Sunday, 31 January 2016

The "prediction" frenzy for 2016 in CyberSecurity and the Black Swan effect

The past few days, a number of articles have hit the web, which have as their main subject the attempt to predict emerging threats for 2016. Moreover, numerous webinars and discussion panels are being organized, mainly to express an opinion on these claimed predictions. I would like to share with the readers of my blog that this “prediction” frenzy is happening for a very specific underlying reason. 
The information security industry and more specifically the vendors, attempt to shift their value proposition once more in 2016, and make it the year of “predicting” attacks, initially from detection to prevention, and now to prediction. This is going to be the InfoSec buzzword for this coming year. 

Detection > Prevention >  Prediction 

It is sometimes annoying to see that some industry professionals (especially tied to specific vendors, as a publicity stand for quick profit) discuss/present such ideas as novel, when in reality researchers, especially in academia, have worked upon the evolution of threat assessment, and detection, many years back. Several PhD theses have been written on how intrusion detection will evolve, and even more on how unification of networkevents will address the problem of managing the vast amounts of information generated (later called “Big Data”). Also, how prevention can be effective across different geographic locations, how will this lead to “Threat Intelligence” needs, by sharing attack patterns across heterogeneous systems in real-time (including IoT), and what are the realistic expectations for predicting cyber threats, based on the abstraction of network events, and the behavioural analysis of cyber-criminals, and trends in cybercrime.

As an example, the “stuxnet scenario” was already a plausible scenario for most security researchers since 2007. For many security researchers "stuxnet" became yet another “black swan” story, where it was simply a totally plausible attack scenario waiting to happen.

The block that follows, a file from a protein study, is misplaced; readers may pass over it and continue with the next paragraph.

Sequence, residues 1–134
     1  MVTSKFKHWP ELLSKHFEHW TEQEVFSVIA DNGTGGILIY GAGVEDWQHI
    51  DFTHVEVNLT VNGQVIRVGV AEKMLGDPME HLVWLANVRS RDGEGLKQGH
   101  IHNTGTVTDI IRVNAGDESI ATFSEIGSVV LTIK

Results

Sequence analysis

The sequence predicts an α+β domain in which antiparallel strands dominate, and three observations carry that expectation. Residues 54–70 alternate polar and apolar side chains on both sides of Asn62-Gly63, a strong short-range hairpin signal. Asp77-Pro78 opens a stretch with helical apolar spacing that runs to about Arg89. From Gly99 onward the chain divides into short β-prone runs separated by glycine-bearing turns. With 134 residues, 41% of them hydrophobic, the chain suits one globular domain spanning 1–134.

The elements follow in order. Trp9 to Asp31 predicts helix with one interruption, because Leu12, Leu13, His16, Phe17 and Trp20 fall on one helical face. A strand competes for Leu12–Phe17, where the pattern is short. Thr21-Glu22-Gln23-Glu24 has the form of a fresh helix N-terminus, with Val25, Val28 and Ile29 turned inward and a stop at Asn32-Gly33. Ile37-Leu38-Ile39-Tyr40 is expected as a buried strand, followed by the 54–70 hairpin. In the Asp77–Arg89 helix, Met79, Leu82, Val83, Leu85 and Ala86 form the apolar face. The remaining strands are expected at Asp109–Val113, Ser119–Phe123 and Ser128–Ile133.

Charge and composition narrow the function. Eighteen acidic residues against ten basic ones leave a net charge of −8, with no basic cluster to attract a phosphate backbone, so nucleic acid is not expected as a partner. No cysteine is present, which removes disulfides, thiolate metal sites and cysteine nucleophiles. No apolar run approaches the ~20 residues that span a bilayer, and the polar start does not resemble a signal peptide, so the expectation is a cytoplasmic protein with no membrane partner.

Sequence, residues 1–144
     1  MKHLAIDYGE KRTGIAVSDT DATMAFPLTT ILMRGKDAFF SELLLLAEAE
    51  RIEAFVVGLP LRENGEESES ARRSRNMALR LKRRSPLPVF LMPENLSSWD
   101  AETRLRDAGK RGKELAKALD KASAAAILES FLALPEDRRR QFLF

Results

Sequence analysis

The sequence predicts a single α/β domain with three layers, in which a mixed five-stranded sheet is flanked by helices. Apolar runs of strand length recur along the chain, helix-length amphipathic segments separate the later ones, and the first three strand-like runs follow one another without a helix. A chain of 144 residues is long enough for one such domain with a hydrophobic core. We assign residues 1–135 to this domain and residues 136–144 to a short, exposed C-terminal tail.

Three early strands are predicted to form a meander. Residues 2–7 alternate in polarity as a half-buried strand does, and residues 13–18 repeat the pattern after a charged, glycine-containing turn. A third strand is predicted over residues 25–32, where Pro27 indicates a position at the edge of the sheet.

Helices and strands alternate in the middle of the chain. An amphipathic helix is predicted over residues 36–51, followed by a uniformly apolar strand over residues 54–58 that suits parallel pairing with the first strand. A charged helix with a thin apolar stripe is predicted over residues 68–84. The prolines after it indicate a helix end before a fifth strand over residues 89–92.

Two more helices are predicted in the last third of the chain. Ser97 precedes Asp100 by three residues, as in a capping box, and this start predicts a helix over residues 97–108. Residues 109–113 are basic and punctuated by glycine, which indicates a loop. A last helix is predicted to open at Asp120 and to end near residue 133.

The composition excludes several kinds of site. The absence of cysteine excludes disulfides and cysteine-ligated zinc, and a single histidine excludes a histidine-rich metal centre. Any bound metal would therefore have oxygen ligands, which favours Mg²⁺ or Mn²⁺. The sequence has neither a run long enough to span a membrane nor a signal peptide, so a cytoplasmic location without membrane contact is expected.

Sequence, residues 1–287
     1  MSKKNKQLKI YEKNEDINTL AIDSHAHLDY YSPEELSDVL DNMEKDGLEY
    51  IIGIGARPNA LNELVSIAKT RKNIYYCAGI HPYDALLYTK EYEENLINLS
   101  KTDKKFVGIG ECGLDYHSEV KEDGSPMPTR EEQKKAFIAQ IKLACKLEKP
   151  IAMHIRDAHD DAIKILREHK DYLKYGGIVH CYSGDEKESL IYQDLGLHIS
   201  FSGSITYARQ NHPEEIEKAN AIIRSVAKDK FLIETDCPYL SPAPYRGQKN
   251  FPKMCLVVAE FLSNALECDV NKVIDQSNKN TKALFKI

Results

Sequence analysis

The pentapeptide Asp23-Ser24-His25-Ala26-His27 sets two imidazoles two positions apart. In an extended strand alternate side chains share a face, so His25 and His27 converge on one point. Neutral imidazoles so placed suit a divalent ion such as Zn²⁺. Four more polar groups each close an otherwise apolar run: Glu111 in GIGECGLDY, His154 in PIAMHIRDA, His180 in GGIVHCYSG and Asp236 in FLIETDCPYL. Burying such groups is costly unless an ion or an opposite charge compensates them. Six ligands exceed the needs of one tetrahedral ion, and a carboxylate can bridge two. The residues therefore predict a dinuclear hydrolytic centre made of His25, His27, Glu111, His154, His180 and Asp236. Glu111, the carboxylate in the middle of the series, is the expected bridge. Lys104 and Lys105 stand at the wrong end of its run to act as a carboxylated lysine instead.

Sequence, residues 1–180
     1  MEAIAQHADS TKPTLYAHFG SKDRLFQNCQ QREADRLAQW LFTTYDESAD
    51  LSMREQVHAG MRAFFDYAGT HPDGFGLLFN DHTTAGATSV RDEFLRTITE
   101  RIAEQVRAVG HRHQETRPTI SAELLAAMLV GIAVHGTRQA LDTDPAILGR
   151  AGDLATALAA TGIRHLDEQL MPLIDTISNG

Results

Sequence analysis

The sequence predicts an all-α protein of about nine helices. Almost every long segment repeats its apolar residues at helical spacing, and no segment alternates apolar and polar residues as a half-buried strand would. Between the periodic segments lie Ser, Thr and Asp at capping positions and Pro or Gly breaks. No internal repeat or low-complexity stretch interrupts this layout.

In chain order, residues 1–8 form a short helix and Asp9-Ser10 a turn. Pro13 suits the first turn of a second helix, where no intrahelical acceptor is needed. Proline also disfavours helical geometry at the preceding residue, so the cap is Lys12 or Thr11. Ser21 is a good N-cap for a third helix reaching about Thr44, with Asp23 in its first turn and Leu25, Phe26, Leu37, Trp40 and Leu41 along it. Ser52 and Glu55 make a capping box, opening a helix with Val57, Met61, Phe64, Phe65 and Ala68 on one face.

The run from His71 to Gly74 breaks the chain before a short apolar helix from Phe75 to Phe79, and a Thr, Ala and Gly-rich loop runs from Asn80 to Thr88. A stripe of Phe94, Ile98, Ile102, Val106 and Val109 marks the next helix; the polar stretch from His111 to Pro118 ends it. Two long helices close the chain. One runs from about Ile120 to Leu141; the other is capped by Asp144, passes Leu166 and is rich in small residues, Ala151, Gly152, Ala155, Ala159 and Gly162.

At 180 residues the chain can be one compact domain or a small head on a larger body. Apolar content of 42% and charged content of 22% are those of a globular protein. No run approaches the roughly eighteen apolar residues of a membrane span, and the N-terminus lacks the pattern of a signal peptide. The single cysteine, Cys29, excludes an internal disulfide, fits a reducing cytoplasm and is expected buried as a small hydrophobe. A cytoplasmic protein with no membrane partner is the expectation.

The term “black swan”: was common in sixteenth century London. Everyone knew swans were white, and black swans presumably did not exist, so the term came to mean something farfetched, not real. However, in 1636, a Dutch explorer discovered nomadic, red-billed black swans in Western Australia. All of a sudden, black swans were no longer an impossibility, and the meaning of the term changed from something farfetched to something once thought of as farfetched, but now known as reality. Today, there is a well-known species of black swans. All it took was one black swan to change people’s minds forever. (see:

The main point to be made is that the Information Security community has some very bright people who are conducting real information security and information assurance research, write scientific papers and publish their findings based on experimentation, facts and more specifically collaboration. Their opinions and findings are justified based on many eligible sources, have developed proof-of-concept software and benchmarking experiments, which provide a deep knowledge and understanding of the information security shifts and trends. Their research based contribution allows the industry to envision the future of Cyber Security, extensively and from different aspects. 

The industry should finally understand the value of the young security professionals, especially when originating from this specialised background in information security. Do not be surprised to find out that an information security post-graduate, with even little experience in ethical hacking, secure coding and fresh ideas, could be more valuable to a business when it comes to ensuring its overall security posture, compared to a senior manager with a business administration background, that might have twenty years of experience in signing-off projects, handling budgets and “manipulating/managing” people. 

You might disagree with the above statement, but it must become clear that technology, and most specifically the information security landscape and its threats, are evolving too fast. It is almost impossible to expect one person to follow that evolution to its full extend over a large period of time. The industry is in need of young people, that have been trained specifically in the information security arena, to be allowed to come in and fill this constantly evolving technology gap. 

Sometimes, these "senior managers" feel threatened by the young professionals for having a far more up-to-date knowledge base, better understanding of the emerging threats, an appetite for facing challenges and experience with the latest tools and techniques. The answer for defending against the fast evolving threat landscape is collaboration by bridging experience and up-to-date knowledge. Merging experience with knowledge and a targeted skills set will not only provide a better understanding of "predicting" (anticipating / forward looking) emerging threats but will also become the enabler for a defence-in-depth stance. 

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